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Woofi and finding an access point

Wi-Fi Alliance logo

Image via Wikipedia

One of the main points of an app like woofi is to conserve battery life, so implementing features in a resource-conscious manner is paramount.

Of course, the biggest thing we do is make sure the WiFi radio is on for the smallest amount of time possible.  This brings us to the first trade off we have to juggle.  We can’t know for sure if we want the WiFi radio to be turned on without turning it on and checking for available access points.  If we turn on and then connect to an access point, all is good.  If we turn on and there is no access point to connect to we just wasted a bit of your battery life.

What we want to do is turn on the WiFi radio and then only stay on for the absolute shortest time possible.  The problem is this:  we don’t know what the shortest time possible is!  Some Android devices and some access points take longer than others.  If we only turn on WiFi for 5 seconds and then decide no access point is available, but your device and access point normally take 10 seconds to establish a connection we’ve failed the user.

Our solution to this is to pick a reasonable default time, and allow the user to increase it if they have a slow-to-connect access point.

woofi, a location-aware WiFi switcher for Android devices.

Woofi

My most recent project is an app called woofi.  Let me quote the apps description from its market page:

Simply put, with woofi you define locations like “home”, “work”, or “Joe’s house”, and woofi turns your WiFi radio on when near those points and off when not.

More detailed explanation:

Say, for example, that the only place you connect your phone to WiFi is at home. This means you don’t need for the WiFi radio in your phone to be on when you’re not at home. The rest of the day it’s just sitting there trying to connect to access points and wasting battery.

With this app you would save your “home” location (and wherever else you connect to WiFi regularly…like at the office), and the app would keep track of your location throughout the day and when you weren’t near these saved locations turn your WiFi radio off, and then when you were near them it would turn your WiFi radio back on.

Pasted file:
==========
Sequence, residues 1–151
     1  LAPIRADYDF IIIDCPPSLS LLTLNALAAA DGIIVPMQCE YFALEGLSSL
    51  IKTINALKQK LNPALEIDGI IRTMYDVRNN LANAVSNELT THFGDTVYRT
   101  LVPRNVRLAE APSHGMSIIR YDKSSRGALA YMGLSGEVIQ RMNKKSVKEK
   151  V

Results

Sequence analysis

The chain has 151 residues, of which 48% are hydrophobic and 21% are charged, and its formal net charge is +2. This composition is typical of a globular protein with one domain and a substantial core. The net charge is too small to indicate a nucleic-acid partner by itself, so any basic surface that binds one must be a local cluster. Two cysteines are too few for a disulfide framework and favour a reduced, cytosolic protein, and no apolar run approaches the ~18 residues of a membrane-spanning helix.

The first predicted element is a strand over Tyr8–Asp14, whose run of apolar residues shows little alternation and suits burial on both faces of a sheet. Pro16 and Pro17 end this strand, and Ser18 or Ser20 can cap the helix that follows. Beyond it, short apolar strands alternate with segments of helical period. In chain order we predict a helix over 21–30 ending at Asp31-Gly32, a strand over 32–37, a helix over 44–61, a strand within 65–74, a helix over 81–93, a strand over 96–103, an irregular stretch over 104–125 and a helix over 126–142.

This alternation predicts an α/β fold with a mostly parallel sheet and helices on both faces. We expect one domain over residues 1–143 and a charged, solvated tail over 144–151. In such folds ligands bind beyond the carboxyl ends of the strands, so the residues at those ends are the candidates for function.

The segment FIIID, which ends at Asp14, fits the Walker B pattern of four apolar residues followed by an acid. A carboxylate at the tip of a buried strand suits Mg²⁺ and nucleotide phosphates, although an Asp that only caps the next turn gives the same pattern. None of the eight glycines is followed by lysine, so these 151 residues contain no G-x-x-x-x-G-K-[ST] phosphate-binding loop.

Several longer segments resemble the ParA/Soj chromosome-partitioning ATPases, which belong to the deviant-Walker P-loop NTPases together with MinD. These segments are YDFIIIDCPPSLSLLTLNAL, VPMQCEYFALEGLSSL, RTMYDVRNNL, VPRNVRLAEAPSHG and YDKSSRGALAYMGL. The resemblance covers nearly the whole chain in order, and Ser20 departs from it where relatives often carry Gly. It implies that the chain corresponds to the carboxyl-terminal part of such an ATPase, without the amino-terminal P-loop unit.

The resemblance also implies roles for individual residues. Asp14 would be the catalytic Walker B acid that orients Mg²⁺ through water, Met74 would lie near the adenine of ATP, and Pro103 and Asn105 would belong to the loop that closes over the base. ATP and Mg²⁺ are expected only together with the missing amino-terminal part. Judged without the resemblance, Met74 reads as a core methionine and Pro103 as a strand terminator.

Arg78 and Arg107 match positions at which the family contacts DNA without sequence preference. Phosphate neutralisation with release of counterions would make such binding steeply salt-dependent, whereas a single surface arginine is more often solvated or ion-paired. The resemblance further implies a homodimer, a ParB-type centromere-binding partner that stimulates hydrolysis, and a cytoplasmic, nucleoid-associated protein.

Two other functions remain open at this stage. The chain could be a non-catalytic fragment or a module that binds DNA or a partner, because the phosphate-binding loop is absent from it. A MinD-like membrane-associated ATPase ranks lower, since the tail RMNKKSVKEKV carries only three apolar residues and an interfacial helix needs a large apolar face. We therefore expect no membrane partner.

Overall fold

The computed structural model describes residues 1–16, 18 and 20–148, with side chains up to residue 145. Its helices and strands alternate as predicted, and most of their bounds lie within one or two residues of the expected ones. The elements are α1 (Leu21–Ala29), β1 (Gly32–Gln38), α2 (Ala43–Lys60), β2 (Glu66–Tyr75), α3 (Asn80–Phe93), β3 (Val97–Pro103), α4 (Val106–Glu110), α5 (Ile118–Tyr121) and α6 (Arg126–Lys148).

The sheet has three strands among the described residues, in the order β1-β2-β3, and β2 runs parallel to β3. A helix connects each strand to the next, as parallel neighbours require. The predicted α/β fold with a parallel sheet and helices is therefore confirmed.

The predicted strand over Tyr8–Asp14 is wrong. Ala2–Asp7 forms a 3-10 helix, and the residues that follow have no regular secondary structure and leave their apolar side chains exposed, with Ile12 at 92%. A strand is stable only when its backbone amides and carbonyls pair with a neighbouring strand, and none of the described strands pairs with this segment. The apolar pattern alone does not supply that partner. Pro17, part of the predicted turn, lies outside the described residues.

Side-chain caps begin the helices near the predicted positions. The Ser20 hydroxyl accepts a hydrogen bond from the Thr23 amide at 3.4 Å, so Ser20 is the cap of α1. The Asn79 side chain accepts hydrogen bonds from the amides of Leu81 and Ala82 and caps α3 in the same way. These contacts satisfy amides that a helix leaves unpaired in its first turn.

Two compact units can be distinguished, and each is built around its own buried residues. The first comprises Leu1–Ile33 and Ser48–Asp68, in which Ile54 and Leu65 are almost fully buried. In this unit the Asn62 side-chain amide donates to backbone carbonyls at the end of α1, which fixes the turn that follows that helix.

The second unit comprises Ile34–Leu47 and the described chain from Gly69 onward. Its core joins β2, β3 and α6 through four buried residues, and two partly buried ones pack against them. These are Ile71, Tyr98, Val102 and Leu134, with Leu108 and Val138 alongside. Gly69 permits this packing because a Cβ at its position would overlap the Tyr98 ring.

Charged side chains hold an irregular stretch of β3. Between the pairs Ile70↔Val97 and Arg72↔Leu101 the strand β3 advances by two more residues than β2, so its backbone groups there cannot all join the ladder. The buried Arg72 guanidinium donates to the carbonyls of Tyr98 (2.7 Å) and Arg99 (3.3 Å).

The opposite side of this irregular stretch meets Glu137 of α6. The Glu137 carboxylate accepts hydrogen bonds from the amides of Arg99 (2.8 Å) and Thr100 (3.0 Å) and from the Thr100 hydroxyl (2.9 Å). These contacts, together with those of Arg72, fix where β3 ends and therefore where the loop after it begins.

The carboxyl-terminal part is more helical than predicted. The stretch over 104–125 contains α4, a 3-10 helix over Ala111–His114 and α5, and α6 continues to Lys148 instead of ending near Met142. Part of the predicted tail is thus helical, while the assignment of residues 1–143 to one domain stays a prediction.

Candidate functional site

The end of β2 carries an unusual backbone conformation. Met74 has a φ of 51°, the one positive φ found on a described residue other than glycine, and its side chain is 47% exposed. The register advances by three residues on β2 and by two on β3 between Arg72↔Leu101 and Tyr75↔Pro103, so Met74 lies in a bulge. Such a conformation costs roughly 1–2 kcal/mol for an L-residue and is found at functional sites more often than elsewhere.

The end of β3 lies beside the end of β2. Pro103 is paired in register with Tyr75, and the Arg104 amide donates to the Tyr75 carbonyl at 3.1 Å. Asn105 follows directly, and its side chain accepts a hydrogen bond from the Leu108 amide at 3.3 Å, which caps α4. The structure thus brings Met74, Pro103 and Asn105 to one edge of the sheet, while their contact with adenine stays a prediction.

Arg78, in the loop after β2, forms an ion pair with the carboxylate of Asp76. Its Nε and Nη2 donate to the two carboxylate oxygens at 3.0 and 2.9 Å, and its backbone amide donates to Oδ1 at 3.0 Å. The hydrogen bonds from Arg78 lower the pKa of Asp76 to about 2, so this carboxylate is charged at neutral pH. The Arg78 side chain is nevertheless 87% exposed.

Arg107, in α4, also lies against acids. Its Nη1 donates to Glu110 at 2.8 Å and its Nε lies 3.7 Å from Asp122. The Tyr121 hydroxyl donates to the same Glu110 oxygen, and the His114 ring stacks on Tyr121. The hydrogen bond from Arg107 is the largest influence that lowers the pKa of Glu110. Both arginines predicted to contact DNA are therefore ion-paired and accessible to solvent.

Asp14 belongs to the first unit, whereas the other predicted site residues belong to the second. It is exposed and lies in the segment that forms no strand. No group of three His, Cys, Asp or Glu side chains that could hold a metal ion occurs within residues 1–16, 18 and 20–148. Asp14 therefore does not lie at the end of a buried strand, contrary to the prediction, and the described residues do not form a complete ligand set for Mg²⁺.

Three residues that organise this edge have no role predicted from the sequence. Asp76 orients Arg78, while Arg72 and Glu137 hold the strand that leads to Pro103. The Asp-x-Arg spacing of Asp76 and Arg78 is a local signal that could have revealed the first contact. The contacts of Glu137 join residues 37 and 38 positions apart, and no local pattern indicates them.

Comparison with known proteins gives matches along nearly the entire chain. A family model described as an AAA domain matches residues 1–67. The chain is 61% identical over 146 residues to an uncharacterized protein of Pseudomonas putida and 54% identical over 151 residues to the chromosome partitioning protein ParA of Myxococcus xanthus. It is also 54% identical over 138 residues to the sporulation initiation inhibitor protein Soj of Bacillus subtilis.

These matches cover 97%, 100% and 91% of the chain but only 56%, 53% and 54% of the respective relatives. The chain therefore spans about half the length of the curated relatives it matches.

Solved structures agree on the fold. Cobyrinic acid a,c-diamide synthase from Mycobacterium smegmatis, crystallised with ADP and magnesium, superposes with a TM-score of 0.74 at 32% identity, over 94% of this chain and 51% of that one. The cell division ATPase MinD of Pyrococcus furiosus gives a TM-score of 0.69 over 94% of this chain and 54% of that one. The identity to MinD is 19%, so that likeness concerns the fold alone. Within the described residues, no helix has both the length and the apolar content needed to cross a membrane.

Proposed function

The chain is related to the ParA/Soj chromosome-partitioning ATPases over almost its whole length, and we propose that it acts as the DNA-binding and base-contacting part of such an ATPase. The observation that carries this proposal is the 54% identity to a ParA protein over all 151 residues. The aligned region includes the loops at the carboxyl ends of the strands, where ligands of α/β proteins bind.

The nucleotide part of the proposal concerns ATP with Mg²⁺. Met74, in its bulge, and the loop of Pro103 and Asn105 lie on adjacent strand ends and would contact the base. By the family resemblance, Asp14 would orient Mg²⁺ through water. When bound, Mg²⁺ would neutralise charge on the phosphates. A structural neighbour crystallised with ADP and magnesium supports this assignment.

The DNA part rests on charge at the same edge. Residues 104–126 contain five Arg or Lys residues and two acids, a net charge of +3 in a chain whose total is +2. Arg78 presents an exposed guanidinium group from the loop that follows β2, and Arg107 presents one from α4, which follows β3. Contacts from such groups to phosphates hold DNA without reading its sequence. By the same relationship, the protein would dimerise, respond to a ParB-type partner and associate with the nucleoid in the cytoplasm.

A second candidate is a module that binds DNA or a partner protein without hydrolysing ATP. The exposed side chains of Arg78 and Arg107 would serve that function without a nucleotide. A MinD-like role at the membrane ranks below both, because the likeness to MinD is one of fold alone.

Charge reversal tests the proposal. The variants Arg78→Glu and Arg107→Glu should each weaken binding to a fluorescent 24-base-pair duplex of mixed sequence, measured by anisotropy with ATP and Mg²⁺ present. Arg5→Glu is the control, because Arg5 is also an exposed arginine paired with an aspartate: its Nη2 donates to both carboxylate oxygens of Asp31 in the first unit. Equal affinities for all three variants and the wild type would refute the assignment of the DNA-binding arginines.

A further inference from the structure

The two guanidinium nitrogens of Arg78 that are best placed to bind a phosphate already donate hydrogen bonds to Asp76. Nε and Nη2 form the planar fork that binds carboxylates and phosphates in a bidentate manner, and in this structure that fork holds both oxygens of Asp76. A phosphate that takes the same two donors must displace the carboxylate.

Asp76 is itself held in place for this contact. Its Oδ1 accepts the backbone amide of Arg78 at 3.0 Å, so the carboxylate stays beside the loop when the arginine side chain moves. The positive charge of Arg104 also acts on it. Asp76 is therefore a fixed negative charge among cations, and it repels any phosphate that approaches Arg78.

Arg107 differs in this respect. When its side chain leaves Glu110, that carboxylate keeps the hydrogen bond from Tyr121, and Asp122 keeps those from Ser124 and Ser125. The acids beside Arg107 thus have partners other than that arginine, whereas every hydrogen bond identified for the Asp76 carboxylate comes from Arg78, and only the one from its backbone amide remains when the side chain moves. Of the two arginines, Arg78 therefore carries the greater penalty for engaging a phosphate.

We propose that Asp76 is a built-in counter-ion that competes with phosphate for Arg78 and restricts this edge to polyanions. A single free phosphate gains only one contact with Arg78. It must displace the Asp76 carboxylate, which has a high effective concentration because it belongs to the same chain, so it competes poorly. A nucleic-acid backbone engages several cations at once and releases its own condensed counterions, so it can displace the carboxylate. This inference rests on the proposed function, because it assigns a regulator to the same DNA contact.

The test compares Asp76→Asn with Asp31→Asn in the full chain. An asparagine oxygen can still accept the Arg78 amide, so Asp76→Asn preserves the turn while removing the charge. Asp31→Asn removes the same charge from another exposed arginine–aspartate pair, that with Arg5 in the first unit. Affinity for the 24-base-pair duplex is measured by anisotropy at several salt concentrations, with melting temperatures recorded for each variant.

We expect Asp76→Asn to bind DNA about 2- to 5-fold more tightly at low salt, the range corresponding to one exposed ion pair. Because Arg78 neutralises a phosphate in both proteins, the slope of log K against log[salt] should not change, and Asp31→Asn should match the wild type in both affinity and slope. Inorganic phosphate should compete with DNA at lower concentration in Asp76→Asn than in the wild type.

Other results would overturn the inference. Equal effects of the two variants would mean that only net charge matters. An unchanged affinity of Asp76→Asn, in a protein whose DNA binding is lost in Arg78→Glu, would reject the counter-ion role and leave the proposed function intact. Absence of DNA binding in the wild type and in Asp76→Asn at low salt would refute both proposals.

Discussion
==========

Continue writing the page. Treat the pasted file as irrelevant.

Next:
You can, of course, simply turn the WiFi radio on and off manually when you are at-home/not-at-home, the only purpose of this app is to automate doing this for you. I always forget to do this manually…thus the idea for this app.

Most people seem to leave their WiFi on all the time and not realize that it’s on because it just connects to networks that they’ve connected to before automatically.

Here’s what normally happens without this app: Once you’ve connected to your home (or office, or wherever) WiFi, Android will just connect to your home WiFi every time you’re in range. The only way it knows to do this is because the WiFi radio in your phone is on all the time looking for WiFi networks to connect to.

This app replaces that procedure by checking your phones location and leaving the WiFi radio off unless it is needed. Doing this saves battery life.

Coming soon expect some posts about the logic and trade offs made in the development of this app.

Android Application Development for Dummies

I’ve been working through the book Android Application Development for Dummies and noticed a little problem on page 182, paragraph 3 where it states:

At this point, you can install the Silent Mode Toggle application, long-press the home screen, and choose the Widgets category; now you should see the Silent Mode Toggle present.

The problem is that this isn’t true.  It’s not till the next page where you edit the AndroidManifest.xml file will you be able to see the widget.

Hopefully, this helps anyone getting frustrated trying to get the widget to show up!

On a related note, the author, Donn Felker, has been very responsive to emails about this issue.  He even offered to take the time to go through the code I’d already written.  I’ll definitely be looking for other books by him because of this.  Thanks Donn!